BROWNSVILLE, Texas – There was an in-depth conversation about cross border trade at a recent Texas House Committee on Transportation hearing held in Brownsville.
The chairman of the committee, state Rep. Terry Canales of Edinburg, interrupted the presentation of Caroline Mays a number of times.
Mays is director of planning and modal programs for the Texas Department of Transportation.
Canales was not criticizing Mays or disputing her report. Rather, he wanted to underline and amplify the points she was making.
Mays said cross border trade between Texas and Mexico is vital for the economy. She said TxDOT has calculated the cost of upgrading infrastructure at land ports of entry to make them more efficient. However, she said there is nowhere near enough money budgeted to make the upgrades. And, Mays said, the inefficiency of land ports of entry leads to delays in trucks crossing the bridges, which in turn costs the Texas economy greatly.
Editor’s Note: At the conclusion of the hearing, the Rio Grande Guardian International News Service secured a video interview with Caroline Mays.
More funding needed for Texas-Mexico land ports of entry
Here are selected passages from Caroline Mays’ testimony and her interactions with Chairman Canales.
“On slide 10 I will talk a little bit about cross border trade. Texas-Mexico border trade is vital to the state’s economy and supply chains. Texas-Mexico trade has increased by 267% from $58 billion in 1994 – this was when NAFTA was first established – to $231 billion in 2021. Trucks continue to be the dominant mode for moving trade across the Texas-Mexico border but also throughout the state as I mentioned earlier. Specifically to the border, annual imports from Mexico trade by trucks have doubled in tonnage from 20 million in just 2006 to 14 million in 2021,” Mays said.
“Truck crossing also doubled between 1996 and 2019 from 2.1 million to 4.6 million. This is just covering northbound crossings or trucks through all of our 28 border crossings. But this number is projected to up to almost more than double to 12.4 million trucks crossing our borders by 2050.”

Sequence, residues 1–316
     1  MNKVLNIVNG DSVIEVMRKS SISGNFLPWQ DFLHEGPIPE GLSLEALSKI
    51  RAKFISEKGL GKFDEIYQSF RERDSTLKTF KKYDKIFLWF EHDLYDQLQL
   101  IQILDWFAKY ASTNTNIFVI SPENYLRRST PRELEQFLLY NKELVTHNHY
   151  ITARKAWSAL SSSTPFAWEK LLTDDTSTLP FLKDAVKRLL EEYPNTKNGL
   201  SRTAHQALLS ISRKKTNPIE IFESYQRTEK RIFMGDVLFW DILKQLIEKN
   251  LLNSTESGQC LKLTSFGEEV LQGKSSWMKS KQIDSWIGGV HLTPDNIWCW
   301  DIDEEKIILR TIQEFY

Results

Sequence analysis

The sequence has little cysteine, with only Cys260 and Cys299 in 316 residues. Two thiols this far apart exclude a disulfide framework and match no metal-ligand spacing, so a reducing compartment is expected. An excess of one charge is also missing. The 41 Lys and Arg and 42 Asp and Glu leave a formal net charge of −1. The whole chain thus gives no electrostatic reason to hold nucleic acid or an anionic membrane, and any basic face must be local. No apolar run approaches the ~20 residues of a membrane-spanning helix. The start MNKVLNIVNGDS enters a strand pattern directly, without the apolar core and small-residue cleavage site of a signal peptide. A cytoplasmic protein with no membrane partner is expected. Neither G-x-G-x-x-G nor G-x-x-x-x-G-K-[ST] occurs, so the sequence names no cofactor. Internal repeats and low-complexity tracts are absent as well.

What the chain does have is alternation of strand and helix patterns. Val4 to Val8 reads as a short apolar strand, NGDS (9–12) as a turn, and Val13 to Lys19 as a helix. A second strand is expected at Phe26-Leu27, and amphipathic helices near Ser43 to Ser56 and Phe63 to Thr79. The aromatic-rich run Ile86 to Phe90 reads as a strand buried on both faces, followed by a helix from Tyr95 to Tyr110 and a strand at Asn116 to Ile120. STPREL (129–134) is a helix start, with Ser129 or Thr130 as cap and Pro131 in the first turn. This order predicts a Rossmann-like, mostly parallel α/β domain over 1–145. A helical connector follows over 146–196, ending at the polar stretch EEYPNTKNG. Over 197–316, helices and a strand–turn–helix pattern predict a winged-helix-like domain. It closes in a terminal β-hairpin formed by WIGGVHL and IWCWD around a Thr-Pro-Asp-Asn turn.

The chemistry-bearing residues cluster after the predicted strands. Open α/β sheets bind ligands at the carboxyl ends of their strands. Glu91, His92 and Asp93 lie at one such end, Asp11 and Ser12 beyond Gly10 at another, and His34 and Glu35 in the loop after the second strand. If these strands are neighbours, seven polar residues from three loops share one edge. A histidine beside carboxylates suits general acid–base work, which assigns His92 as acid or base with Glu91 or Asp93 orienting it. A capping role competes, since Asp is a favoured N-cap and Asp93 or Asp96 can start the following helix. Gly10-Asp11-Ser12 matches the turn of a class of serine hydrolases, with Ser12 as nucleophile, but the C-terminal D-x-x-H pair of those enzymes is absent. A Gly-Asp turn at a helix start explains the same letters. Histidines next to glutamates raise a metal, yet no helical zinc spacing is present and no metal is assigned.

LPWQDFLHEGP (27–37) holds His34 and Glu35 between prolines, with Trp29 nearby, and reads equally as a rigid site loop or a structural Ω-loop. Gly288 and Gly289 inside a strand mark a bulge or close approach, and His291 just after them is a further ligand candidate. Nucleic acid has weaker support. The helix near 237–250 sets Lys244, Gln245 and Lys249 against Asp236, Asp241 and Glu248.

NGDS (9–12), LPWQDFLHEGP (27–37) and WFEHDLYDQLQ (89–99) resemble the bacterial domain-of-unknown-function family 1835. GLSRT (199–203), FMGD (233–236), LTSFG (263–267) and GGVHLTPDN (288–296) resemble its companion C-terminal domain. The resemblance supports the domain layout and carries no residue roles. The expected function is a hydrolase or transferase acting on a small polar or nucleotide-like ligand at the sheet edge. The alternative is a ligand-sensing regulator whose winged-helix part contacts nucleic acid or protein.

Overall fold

Canales wanted to make sure he heard that correctly.
“Let me stop you,” Canales said. “There’s a lot of numbers but this is exactly what I was talking to the TxDOT members about before you (testified). The fact is that we can’t efficiently get trucks across the border because of lack of infrastructure. That means they’ve got to wait and it costs us $68.3 million in productivity losses. But gross domestic product losses cost $2.3 billion.”
Mays responded: “That’s correct.”
Canales then stated: “We lost $2.3 billion in gross domestic product last year because we don’t have the right infrastructure?”
Mays: “That’s correct. Because of the delays.”
Canales: “And so the delays cost $5,000 a minute, right now?”
Canales: “But that’s based on 2019 numbers?”
Canales: “But those numbers have increased obviously. So (now) that’s a bigger number?”
Canales: “So, by us not investing in the infrastructure, multibillion dollar economic engines, Texas is literally shooting itself not in one foot but in both feet?”
Mays: “Yes, Chairman and as you can see here, if nothing is done the GDP losses alone will increase to $116 billion by 2050.”
Canales: “So, by 2050 If we don’t do anything, we’re going to be losing $116 billion from both countries. Because we don’t have the proper infrastructure.”
Mays: “That’s correct.”
Mays then continued with her presentation, discussing the Texas-Mexico Border Transportation Master Plan. She said this plan was developed by TxDOT in collaboration with binational public and private sector stakeholders.
“The plan identified over 600 projects with an estimated cost of $34.3 billion and this again includes both projects in Texas and Mexico. What I want to note here is that out of the 600 projects, 449 of those projects remain unfunded or partially funded with an estimated gap of $29.8 billion.”